These thoughts have the potential to dictate your life. You have to make the conscious decision to take that power away. They’re only thoughts, nothing else. They’re not some secret reality that you’ve been hiding from yourself. Think of your mind as a rebellious teenager: It’s  going to test the waters and see how much it can get away with. Like a parent, you can’t take any crap from it (that just encourages it). In fact, LAUGH at how ridiculous these thoughts sound. When you actually take the time to write them out and read over them (like I’ve done), it really opens your eyes to how irrational you’re being.

Breath in, breath out, and stay in control.

Rainy days and happy pills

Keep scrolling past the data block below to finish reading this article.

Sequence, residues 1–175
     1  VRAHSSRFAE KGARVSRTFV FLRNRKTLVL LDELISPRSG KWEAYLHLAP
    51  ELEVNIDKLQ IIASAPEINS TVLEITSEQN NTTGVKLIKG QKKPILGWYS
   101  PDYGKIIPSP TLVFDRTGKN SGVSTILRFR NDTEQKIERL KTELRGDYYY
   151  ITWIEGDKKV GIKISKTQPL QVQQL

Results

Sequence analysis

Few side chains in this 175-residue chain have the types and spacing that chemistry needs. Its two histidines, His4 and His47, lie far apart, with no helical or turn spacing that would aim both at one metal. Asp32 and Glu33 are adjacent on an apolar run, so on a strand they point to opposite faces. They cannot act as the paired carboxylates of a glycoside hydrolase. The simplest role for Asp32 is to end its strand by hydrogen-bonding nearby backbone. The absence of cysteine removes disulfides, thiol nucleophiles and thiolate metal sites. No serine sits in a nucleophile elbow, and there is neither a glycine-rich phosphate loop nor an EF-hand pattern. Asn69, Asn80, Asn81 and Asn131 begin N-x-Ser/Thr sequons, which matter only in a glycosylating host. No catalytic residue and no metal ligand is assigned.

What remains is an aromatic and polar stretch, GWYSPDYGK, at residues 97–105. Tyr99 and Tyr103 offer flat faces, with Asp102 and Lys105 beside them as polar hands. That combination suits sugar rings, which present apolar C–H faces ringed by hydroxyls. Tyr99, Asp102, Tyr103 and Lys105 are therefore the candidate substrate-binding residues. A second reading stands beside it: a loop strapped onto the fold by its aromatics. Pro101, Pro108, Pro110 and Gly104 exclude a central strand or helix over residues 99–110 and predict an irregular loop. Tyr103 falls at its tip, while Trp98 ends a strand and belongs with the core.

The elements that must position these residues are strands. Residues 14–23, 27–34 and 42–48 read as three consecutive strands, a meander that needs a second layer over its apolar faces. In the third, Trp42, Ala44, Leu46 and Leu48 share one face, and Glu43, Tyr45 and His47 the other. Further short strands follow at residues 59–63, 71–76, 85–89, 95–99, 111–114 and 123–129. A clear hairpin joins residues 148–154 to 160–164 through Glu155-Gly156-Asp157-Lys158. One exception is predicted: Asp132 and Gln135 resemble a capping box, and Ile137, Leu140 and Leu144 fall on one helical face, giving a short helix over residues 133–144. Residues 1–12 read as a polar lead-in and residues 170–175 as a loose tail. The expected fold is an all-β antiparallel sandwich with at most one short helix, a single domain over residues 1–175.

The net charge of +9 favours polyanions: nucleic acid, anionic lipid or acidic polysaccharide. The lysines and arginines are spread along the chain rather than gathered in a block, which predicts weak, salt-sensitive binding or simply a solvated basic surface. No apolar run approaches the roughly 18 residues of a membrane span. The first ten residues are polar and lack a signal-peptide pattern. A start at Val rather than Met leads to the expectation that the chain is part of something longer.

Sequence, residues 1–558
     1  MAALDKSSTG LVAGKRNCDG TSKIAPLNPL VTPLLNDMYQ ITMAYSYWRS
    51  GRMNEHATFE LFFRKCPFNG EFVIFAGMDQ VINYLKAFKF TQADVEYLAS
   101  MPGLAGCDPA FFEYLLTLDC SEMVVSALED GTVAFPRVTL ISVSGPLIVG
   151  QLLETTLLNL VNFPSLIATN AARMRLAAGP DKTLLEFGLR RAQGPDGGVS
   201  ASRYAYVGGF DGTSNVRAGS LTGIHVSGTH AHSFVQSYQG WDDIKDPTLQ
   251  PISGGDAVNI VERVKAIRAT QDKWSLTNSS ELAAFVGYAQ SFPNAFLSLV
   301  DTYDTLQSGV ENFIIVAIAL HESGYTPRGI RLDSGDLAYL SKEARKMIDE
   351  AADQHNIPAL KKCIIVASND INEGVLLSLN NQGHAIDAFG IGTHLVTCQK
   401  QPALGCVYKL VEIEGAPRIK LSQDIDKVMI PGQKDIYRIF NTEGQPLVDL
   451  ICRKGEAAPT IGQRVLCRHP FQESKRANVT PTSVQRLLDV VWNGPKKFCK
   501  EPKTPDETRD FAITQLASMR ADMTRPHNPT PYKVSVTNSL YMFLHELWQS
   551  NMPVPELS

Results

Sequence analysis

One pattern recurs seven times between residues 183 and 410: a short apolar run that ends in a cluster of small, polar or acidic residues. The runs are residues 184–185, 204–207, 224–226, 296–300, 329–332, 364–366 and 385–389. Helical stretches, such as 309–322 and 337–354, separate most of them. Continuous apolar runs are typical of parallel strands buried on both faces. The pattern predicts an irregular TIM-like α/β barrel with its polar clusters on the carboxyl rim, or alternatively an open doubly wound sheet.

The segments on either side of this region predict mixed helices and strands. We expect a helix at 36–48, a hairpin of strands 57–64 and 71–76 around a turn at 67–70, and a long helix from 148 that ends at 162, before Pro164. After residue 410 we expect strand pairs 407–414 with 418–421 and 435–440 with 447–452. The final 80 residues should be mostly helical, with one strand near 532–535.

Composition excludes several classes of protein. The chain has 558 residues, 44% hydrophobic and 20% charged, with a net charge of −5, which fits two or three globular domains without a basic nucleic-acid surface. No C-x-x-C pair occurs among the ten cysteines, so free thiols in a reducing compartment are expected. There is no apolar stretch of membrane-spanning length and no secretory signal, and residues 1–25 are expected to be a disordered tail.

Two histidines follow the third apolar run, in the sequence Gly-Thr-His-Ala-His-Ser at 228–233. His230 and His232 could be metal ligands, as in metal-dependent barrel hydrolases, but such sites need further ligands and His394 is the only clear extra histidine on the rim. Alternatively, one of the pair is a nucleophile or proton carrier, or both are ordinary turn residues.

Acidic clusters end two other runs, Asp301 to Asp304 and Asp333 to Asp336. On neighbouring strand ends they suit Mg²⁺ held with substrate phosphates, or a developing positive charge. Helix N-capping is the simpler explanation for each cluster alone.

I came home from college today to talk to my therapist. Apparently my mother and her are  now in cahoots and have been discussing what they think is best for me (it would have been great to have been included in this conversation). I’m starting to regret how much I’ve confided in my mother about my “mental pollution”. She has a way of becoming overly invested in my problems as if they’re her own. But on the other hand, what did I expect? Her to listen to her daughter cry about being “suspended in between two indefinite realties” and just shrug it off like it’s high school drama? (Yes, I actually did have a breakdown about that. I’ve really got to start filtering out some of the existentialist ramble that comes out of my mouth when I’m trying to explain myself).  I suppose she’s doing what any mom would do. I just hate watching her struggle to understand me.